Portishead: ‘Dummy’ Still Perfect After 20 Years

Twenty years ago, there was no Spotify or YouTube. There was barely an internet. Certainly, there was no bittorrenting or Napster. So if you wanted to discover any new music, your options were limited. Hanging out at record stores was, in my opinion, one of the best ways to do it. In the 90s pretty much every record store had some sort of listening station set up. So, on one particular day, when I saw a certain blue cover with a creepy looking woman on it, sort of framed in letterbox, being the film geek I was, I figured I’d put the headphones on and see what this was all about. I was instantly shocked, awed and hooked by a sound that was many sounds I’d vaguely heard before, but never like this. Was this album from the future? From the past? From an alternate dimension where popular music was made up of movie soundtracks and sadness? I looked around, anxiously, hoping nobody would come and suddenly stop this because some horrible mistake had been made. So I immediately grabbed a copy and went to pay for it. And that’s how I found Portishead’s debut album, Dummy.

About 3 years later, I got to see Portishead live, in support of their second, self-titled album. It was a small club in Miami Beach and I was right up there, close to the stage. At one point, one girl was really grooving, dancing like it was 1999, and one guy who was just standing and bobbing his head in the pit gave her a dirty look. “It’s hip-hop!” she yelled at him as if he was crazy. And they were both right. It is hip-hop, but it’s also much more. It’s also jazz. It’s goth. It’s something you can dance to, but also something you can just ponder and absorb and get lost in. I’d start to hear the term “Trip Hop” a lot in those days and “Acid Jazz.” I’d search out other artists who were similar, from Massive Attack and Tricky to Kruder and Dorfmeister and Lamb. But to me, the source would always be Portishead.

When I got home with that first album, I found I was lost in a world where I couldn’t tell what was a sample and what they were playing. It all blended together in a music geek smoothie that was dark and cinematic. The opening track, “Mysterons” had invited me into a mystery I had to solve.. And little by little I would search for the original songs they had sampled throughout the album. From Isaac Hayes to Lalo Schifrin. This was music discovery in a way I had never imagined. Sure, hip-hop had been using samples for years before this, but not like this.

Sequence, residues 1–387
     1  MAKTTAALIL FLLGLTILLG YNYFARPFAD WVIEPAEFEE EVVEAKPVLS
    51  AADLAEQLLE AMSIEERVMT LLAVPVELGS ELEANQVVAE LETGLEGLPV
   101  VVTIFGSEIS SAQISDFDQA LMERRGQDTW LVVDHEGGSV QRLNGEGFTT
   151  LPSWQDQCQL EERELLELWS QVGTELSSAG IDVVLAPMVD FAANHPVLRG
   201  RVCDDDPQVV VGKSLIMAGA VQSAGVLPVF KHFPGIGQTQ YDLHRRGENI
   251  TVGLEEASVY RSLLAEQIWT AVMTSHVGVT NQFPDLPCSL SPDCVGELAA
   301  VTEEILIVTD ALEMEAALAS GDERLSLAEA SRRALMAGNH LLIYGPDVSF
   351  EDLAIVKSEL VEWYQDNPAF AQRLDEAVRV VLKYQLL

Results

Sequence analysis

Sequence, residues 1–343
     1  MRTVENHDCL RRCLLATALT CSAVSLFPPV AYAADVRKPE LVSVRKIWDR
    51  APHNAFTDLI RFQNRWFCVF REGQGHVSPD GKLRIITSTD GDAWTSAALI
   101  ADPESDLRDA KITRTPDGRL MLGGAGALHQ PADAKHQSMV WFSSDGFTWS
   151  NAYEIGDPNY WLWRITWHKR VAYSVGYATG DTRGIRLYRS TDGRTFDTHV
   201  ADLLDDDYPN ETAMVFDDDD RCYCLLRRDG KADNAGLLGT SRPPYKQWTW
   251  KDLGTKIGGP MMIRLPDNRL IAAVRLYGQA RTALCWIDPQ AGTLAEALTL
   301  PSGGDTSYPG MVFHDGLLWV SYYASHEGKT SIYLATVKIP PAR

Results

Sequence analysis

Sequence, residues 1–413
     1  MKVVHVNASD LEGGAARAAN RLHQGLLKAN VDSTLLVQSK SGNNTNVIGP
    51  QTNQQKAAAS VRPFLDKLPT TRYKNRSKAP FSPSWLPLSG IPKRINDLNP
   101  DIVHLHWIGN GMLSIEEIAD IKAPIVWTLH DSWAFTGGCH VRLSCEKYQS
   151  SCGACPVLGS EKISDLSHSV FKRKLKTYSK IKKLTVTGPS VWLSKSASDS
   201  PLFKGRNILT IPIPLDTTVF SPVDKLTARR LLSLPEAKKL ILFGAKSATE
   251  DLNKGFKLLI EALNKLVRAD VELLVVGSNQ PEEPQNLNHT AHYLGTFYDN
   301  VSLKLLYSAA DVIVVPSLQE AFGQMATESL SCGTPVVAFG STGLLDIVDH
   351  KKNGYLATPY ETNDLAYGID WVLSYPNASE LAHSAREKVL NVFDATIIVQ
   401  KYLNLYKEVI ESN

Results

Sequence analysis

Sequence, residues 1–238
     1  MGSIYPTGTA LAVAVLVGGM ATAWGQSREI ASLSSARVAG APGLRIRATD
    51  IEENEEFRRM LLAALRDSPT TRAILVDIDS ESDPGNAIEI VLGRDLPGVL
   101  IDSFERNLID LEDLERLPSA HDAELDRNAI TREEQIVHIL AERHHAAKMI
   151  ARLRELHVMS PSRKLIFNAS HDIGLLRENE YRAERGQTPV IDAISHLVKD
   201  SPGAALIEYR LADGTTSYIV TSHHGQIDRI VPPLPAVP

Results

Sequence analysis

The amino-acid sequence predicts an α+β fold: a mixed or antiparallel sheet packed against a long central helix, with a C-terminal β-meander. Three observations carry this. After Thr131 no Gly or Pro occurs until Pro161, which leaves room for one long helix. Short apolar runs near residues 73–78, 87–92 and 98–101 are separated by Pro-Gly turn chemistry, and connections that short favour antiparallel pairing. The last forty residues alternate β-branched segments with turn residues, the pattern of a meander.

In the 90s, a lot of albums were starting to be compressed and made louder. This is another area where Portishead was different. The texture of this music was something that was being carefully put together. There was depth that continues to reveal itself to this day. Geoff Barrow and the rest of the band were sound guys and it was even more clear to me when I did see them live. It was the loudest, yet clearest thing I’ve ever heard. The attention to detail here was designed to deliver a complete experience. I have no idea what the movie playing in their head was about, but the soundtrack was amazing.

Everyone knows “Sour Times,” with its spy guitar riff and “Nobody loves me” chorus. It’s haunting and beautiful and still holds up. I would say that it’s not necessarily my favorite track, just to be contrary, but I do love it and the truth is, I don’t know if I have a favorite track on this album. They’re all favorites. If really pressed, though, I’d have to say “Numb.” That ringing drum and bass line with organ punctuating still gives me chills to this day. “I’m ever so lost / I can’t find my way,” sings Beth Gibbons, directly inside the back of brain, caressing my neck with her voice in the darkness of a lonely room. It never stops being that. “This loneliness / it just won’t leave me alone.”

But then there’s “Roads” with another haunting organ but also wah wah guitars, strings and the weight of the world itself. “How can it feel this wrong?”  and yet so right at the same time. By the time the album ends on “Glory Box,” which features a sample from Isaac Hayes’s
“Ike’s Rap III” that was also used by Tricky in “Hell is ‘Round the Corner,” there are countless reasons to love Portishead. It’s hard to believe this album is twenty years old this year. It still feels like something from the future.